Labour bites

Staff ordered on to annual leave during flood

As the Fitzroy River flooded into Rockhampton’s suburban streets and homes, staff at a southeast Queensland council were told they should use their annual leave for their time away from work.

Despite warnings from Queensland police and Premier Annastacia Palaszczuk to seek shelter and stay off the roads during and after Cyclone Debbie, council workers were told they’d still be slugged annual leave.

“Our view is that, when there is a natural disaster like that, the employer should be ensuring that staff are treated appropriately,” Services Union Secretary Neil Henderson said.

“Now’s not the time to be clawing back entitlements from those who listened to the warnings issued by the authorities. They were acting responsibly in what was an emergency weather event,” Industrial Relations Minister Grace Grace said. (Source: 7 News)

Teachers pay for basics

Teachers in the New England region are spending up to $2000 a year on basic school supplies for their students. In response to a survey of more than 10,000 teachers in Australian schools local education advocates said teachers are sacrificing money from their own salaries for their students.

The Australian Education Union survey found 95% of teachers spent their own money on school supplies. It also exposed the reliance of schools on fundraising proceeds for necessities. New England P&C Chairwoman Rachael Sowden said it was not uncommon for teachers in the New England region to spend thousands of dollars each year on ‘must have’ items.

“Parents are putting their hands in their pockets for toilet paper and hand sanitiser,” Ms Sowden said. “Ensuring that hand wash, toilet paper and tissues are there really isn’t much to ask.

“Some teachers put something extra in their trolley every week for their classrooms to make sure the class has got what they need; whether it’s a packet of pens or something else.

“The fact that teachers are contributing to essentials highlights the fact that our schools are not getting the support and resources they need and what our kids deserve,” a NSW Teachers Federation acting regional organiser confirmed.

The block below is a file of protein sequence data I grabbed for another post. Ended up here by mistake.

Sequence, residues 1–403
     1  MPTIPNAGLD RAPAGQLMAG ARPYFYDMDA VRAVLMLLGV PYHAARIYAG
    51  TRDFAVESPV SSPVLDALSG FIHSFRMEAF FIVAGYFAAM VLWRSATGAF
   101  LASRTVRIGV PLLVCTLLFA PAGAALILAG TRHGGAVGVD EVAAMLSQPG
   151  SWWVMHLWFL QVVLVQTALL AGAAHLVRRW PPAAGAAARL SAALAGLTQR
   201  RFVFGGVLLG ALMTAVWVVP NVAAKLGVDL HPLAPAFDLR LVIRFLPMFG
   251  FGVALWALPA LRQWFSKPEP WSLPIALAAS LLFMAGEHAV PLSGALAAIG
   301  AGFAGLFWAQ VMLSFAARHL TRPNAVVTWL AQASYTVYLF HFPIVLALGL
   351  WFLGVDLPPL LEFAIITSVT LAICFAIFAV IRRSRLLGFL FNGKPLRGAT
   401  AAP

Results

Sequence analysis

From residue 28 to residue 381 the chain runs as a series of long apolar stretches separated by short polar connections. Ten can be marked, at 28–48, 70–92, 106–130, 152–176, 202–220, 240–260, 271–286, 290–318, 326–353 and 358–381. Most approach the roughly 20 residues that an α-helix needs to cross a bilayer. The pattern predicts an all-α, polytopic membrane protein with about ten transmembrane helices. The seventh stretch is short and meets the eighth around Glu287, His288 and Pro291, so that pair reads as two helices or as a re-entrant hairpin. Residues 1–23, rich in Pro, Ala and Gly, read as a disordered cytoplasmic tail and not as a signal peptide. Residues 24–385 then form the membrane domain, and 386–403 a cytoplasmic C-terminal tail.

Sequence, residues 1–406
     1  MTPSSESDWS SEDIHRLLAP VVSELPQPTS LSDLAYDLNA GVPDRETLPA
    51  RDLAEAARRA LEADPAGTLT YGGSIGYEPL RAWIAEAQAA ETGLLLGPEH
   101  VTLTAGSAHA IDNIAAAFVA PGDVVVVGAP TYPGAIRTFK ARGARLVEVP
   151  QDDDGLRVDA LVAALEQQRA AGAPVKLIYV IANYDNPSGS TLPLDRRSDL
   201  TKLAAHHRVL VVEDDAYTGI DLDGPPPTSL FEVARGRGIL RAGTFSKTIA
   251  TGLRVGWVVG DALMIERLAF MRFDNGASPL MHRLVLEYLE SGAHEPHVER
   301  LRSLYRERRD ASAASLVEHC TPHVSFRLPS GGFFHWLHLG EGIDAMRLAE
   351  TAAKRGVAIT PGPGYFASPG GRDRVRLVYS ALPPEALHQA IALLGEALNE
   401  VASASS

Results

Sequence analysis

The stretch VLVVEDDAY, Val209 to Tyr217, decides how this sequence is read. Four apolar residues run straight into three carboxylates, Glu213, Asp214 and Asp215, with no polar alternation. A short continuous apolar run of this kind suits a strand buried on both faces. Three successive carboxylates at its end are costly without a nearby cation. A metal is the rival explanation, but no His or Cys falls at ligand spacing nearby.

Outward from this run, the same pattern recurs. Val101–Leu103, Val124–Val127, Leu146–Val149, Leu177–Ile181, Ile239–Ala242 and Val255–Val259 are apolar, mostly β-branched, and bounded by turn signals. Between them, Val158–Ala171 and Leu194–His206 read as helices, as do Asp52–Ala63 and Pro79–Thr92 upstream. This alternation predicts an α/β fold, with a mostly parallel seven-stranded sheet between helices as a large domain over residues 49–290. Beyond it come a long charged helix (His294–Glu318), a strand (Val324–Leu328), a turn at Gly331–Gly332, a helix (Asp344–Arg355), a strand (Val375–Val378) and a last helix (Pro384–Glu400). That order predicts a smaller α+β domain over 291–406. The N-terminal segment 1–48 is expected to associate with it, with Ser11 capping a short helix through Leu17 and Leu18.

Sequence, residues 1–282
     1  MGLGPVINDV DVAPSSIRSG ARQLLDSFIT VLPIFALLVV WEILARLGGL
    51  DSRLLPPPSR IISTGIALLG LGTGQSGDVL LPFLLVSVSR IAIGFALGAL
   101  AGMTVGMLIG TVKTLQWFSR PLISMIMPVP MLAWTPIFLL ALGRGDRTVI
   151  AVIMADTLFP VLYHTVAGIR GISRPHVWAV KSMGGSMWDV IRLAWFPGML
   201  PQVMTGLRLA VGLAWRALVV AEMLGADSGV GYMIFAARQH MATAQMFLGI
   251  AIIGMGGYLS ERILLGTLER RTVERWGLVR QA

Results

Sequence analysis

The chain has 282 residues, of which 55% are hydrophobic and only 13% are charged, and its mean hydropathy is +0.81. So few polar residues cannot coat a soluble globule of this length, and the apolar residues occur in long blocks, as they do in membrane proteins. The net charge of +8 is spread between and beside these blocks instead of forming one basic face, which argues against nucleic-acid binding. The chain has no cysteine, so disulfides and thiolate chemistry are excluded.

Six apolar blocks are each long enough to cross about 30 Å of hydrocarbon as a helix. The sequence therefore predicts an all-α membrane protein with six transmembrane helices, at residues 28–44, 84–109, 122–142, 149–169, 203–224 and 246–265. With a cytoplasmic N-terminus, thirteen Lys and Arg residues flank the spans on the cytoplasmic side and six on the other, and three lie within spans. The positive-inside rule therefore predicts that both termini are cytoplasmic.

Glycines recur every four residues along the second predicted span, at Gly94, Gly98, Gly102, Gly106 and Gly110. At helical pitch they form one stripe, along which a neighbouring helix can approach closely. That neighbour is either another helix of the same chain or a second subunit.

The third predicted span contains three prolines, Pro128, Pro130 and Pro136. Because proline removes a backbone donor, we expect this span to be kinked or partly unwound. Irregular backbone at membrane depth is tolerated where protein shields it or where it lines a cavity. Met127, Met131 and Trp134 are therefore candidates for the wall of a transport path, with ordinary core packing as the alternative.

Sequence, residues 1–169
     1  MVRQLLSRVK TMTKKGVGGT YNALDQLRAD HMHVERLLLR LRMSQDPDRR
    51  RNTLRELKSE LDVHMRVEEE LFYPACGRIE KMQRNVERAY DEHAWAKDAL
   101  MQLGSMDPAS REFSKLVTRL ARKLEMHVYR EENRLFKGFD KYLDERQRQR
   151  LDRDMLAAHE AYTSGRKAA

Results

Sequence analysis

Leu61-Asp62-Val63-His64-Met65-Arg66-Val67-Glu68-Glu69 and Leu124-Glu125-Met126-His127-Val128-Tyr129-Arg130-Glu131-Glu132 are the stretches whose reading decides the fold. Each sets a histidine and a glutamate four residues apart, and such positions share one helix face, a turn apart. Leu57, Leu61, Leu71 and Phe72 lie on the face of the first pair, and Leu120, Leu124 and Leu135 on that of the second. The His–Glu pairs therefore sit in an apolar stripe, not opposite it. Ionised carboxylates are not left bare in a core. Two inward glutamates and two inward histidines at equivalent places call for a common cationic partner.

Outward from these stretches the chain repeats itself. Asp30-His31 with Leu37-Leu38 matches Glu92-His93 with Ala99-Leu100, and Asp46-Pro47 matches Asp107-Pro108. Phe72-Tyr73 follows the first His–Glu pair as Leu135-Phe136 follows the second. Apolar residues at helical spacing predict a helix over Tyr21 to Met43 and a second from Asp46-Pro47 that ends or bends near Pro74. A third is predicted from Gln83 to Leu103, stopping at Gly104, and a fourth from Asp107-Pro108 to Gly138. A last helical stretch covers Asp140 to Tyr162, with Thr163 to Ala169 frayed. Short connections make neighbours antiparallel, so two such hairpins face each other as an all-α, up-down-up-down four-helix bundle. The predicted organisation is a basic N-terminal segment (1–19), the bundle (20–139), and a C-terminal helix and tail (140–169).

The Department of Education and Communities declined to comment on the survey results. (Source: Northern Daily Leader)

End modern slavery

One year ago, companies started reporting under ground breaking legislation on modern slavery. The UK Modern Slavery Act demands that all large companies, globally, who operate in the UK market, provide an annual, board approved, publicly available statement that describes what they are doing to eliminate the curse of modern slavery in their operations and supply chains. So far over 1700 companies have released statements which are now searchable on a central registry.

The latest analysis reveals a small cluster of leading companies whose statements demonstrate a strong commitment to this cause. But there is a far longer list of companies who have yet to begin a journey to even identify where they have risks of forced and child labour. Nevertheless, a large number of companies have said that government demand for mandatory transparency has provoked substantial discussion and movement among bosses, and the impact of the Act, even with its punches pulled, demonstrates the power of collaboration between government, business and civil society to achieve a level playing field of mandatory transparency.

There are still voices that oppose concerted action by governments. They seek to describe laws to eliminate modern slavery as protectionist restrictions on trade, or a cost to business. It is neither. Instead, it should be the end game of a struggle to end the unconscionable and brutal trade and ownership of fellow human beings, that we hoped had ended some 150 years ago. (Source: Reuters)

Mounties to get their union

Mounties in Quebec have decided to try to go it alone on the unionisation front. The RCMP won the right to unionise at the Supreme Court of Canada more than two years ago. To date though, members of Canada’s national police force have largely been split in their support for two groups seeking to represent them: the National Police Federation and the Mounted Professional Police Association of Canada.

Those two groups do not get along. The Quebec group, with 800 members, is smaller than the national organisations, but it has the longest history in terms of seeking the right to form a union.

In a news release, Serge Bilodeau, president of the Quebec group, said while he wanted mounties to file a single request for certification, “our efforts at joining our union goals across the country were in vain.”(Source: CBC News)

Complied by
John Quessy